15 July 2021
It is time to take food and farming education seriously. As the country recovers from Covid-19, we have a once-in-a-generation opportunity to bring about real change every child must have the opportunity to discover the connections between the food they eat, their own health and the health of the planet starting with those from the poorest households, because how we eat determines how the world is used and how we live.
Now is the time for action. Let every child visit a real working farm, to inspire their curiosity, and let them make connections so they can discover through first-hand experience where their food comes from and gain the knowledge, confidence and agency to make good food choices - good for them, good for the planet.
Published today, Thursday 15th July, the National Food Strategy today calls on the Government to commit to a historic package of reforms in order to build a better food system for a healthier nation.
In a landmark report, food entrepreneur Henry Dimbleby sets out in stark detail how poor diets contribute to around 64,000 deaths every year in England alone and cost the economy an estimated 74 billion. Dimbleby also warns that our eating habits are destroying the environment, which in turn threatens our food security. The food we eat accounts for around a quarter of greenhouse gas emissions, and is the leading cause of biodiversity destruction.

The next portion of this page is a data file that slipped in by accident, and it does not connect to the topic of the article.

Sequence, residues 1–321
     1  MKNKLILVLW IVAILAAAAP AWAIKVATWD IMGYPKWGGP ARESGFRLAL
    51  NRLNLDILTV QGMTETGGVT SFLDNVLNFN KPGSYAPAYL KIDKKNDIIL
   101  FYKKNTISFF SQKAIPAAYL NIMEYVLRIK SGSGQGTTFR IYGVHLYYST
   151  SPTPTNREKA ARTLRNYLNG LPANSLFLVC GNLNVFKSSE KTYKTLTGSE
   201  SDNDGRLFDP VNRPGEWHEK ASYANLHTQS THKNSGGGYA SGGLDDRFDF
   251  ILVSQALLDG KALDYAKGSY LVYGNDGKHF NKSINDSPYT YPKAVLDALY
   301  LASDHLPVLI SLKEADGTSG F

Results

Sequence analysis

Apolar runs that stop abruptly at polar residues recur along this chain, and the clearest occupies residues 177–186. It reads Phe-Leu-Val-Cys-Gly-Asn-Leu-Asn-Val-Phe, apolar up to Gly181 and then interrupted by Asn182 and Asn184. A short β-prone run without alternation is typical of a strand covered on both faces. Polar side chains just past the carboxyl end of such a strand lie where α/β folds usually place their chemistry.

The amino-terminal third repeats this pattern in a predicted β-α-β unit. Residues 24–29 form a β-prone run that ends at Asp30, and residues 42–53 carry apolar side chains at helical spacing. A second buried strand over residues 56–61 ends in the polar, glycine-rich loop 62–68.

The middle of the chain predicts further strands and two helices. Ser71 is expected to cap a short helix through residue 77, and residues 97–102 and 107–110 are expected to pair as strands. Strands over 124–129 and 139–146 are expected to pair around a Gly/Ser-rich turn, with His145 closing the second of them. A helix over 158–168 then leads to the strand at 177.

The independent report, commissioned by the Government in 2019, calls for the introduction of the world’s first Sugar and Salt Reformulation Tax, with some of the money being used toexpand free school meals and support the diets of those living in the most deprived neighbourhoods. It also calls for food education to be central to the national curriculum, and for food standards to be protected in any new trade deals. Dimbleby also recommends measures to restore and protect our natural environment, by investing in sustainable farming techniques and new food technologies such as novel proteins.
Major backers of today’s report include chef and campaigner Jamie Oliver, social welfare expert and former senior civil servant Dame Louise Casey, the economist Partha Dasgupta, and the chef Prue Leith.
The National Food Strategy report sets out how our diets will need to change over the next ten years in order to meet the Government’s existing targets on health, climate and nature. By 2032, fruit and vegetable consumption will have to increase by 30%, and fibre consumption by 50%, while consumption of food high in saturated fat, salt and sugar will have to go down by 25%, and meat consumption should reduce by 30%.